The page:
My little way of giving to the society during this Holiday: medical outreach


The holidays are marked with lots of giving, and ironically, rather than having abundance, the reverse seems to be the case in Nigeria. Everything seems to be done with caution and perhaps with significant importance. The liberal approach to events or commodities is not spared, as these are equally approached with the unconscious but relatable concept of "opportunity cost."

This holiday period fortunately coincided with my annual leave from work, meaning the abundance of time is there. Personally, I have spent a significant part of this leave at home and sleeping, in addition to trying to stay away from interruptions from work or acquaintances.

I was notified from work that a medical outreach was scheduled for last week, and I was asked if I would want to participate. Of course I did not have to be present, but being a medic and also my way of giving intangibly during this yuletide period, I consented and showed up.

The medical outreach was to the Pake community in ilorin, Kwara State, and most of the people that turned up were the elderly, traders, and civil servants. We had a medical laboratory scientist to check the blood sugar level of participants and also a pharmacist to counsel on drug adherence for those on blood pressure and diabetic medications. I picked about three patients who had hypertensive urgency and directed them to a nearby clinic immediately for more intervention, while those at risk of being hypertensive were counseled on lifestyle modifications. I enjoyed every bit of the outreach, and this was evident when my people packed up to leave and I chose to stay back with the last batch, attending to those that presented late. On another note, maybe because of my heart, I wish such gestures could go around everyone, but humanity cannot be saved by one man.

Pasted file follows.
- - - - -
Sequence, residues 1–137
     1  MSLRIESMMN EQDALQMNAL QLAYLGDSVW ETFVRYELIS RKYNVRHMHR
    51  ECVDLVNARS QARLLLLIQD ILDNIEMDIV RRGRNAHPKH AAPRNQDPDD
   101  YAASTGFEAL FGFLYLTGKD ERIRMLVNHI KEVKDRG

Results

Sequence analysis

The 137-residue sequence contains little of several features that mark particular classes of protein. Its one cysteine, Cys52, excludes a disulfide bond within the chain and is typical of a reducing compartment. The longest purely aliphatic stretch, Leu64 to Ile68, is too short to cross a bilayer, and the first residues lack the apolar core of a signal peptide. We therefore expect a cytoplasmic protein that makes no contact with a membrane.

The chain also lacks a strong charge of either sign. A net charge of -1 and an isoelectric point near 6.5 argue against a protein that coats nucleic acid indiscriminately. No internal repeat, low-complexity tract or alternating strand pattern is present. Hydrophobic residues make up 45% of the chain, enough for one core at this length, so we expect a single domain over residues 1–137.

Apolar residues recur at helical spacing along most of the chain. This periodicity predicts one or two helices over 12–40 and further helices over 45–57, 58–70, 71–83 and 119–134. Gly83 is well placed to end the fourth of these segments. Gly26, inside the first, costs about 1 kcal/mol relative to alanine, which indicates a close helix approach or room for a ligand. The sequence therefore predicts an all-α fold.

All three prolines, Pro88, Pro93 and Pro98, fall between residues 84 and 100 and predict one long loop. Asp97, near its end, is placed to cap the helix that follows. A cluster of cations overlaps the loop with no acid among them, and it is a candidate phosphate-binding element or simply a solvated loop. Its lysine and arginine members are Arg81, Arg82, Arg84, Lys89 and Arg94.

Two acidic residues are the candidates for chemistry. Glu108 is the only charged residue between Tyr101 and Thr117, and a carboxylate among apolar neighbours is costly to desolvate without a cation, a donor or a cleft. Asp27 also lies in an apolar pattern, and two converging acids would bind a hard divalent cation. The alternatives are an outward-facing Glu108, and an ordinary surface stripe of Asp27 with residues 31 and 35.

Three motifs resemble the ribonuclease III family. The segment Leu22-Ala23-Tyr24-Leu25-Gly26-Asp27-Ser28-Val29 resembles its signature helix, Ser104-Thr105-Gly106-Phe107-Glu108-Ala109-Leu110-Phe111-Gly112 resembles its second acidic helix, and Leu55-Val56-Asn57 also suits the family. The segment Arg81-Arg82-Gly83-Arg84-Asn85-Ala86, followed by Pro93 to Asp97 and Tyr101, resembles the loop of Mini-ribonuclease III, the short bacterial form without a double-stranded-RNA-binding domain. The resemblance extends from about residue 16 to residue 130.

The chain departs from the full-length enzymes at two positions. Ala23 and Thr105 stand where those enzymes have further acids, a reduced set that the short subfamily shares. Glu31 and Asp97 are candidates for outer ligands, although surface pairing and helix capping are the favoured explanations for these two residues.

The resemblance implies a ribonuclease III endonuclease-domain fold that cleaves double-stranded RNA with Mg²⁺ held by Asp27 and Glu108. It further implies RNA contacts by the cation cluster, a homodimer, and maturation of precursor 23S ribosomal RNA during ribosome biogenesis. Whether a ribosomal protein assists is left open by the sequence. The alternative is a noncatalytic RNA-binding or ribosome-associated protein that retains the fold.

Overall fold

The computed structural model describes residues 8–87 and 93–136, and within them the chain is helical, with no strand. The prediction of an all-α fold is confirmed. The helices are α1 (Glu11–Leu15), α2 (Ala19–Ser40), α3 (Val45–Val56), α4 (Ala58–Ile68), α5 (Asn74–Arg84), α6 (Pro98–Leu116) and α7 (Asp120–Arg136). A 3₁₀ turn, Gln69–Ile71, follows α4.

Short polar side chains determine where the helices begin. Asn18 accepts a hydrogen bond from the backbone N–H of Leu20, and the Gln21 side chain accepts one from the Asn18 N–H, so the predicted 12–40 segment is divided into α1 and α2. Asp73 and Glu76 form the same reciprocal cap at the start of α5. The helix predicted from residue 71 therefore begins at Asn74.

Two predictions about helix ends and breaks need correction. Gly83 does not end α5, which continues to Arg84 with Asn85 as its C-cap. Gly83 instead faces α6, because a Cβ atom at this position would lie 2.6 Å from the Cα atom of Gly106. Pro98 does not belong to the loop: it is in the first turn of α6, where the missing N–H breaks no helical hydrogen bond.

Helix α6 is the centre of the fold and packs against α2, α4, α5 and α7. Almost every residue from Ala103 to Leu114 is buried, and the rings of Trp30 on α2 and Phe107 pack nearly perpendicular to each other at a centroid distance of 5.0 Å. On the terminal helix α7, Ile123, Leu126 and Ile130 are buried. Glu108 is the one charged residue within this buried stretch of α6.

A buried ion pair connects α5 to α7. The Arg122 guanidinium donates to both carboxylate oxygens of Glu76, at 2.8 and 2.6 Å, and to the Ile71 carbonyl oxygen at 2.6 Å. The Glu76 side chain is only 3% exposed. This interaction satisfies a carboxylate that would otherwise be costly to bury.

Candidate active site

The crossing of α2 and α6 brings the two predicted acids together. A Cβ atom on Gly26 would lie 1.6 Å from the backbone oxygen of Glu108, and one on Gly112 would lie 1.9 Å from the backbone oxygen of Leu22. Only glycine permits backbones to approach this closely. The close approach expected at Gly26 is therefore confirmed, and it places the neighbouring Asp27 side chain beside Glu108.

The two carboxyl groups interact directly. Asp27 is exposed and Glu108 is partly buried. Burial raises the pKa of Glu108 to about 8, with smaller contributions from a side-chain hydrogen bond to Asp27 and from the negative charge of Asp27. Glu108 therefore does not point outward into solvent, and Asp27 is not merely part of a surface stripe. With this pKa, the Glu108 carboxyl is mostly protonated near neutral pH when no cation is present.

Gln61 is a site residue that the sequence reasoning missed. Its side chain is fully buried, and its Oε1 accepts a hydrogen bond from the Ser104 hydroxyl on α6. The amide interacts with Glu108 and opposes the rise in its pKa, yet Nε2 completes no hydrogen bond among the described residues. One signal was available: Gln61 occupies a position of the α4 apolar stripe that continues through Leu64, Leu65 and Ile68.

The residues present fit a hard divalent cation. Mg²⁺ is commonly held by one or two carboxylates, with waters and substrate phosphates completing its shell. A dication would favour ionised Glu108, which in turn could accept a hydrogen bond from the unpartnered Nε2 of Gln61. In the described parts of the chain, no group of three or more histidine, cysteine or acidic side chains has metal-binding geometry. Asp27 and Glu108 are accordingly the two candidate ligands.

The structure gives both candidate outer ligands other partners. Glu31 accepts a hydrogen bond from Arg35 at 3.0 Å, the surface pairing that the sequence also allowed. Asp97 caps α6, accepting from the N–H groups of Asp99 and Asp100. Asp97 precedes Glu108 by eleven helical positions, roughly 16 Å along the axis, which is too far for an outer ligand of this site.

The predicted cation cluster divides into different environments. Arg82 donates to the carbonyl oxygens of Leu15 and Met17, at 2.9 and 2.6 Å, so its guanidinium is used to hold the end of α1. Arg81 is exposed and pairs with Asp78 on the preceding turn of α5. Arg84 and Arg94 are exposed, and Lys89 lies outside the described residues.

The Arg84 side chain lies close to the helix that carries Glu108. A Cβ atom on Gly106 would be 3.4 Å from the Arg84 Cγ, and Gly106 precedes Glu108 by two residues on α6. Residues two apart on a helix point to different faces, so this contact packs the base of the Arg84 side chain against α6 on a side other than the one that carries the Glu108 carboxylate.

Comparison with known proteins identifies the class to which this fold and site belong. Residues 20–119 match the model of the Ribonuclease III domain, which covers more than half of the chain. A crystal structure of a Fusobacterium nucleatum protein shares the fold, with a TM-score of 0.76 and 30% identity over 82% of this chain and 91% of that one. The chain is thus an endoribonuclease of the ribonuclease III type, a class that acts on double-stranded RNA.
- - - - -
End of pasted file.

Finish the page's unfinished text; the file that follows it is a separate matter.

This one thing I did has a lot of meaning for me: giving to those that cannot repay me a scarce consultation done as a selfless service. Though the government is making efforts to make access to quality health affordable, it is still a long-term reality as factors such as insufficient personnel continue to ravage the health system. I look forward to opportunities like this to reach out to those who are indigent, elderly, or do not have the means. Just like the spirit of Christmas and holidays, a check on one's well-being is one of the gifts we can have. What would wealth be without good health?

The holidays came with much apprehension, especially in the face of limited resources. Many people went out of their way to enjoy the yuletide, and I would not blame them much. However, we can be thankful for the gift of life and good health. For me, I've stayed within the limits of my comfort zone, and though I have not gone out to party or hang out, Christmas has been a beautiful event to mark.

I hope we enjoyed the Christmas celebration and at least tasted chicken. Merry Christmas and Happy New Year in advance.

Thank you for reading. I would love to have your comments and contributions.


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